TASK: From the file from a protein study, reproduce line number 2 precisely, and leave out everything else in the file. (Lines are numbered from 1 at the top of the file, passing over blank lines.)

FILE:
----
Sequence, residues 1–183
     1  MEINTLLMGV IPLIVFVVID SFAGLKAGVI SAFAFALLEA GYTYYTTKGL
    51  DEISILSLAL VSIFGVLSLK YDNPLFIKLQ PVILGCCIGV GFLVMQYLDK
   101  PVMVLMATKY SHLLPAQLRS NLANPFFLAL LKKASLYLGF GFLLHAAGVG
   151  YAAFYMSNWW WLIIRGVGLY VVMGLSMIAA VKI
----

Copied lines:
     1  MEINTLLMGV IPLIVFVVID SFAGLKAGVI SAFAFALLEA GYTYYTTKGL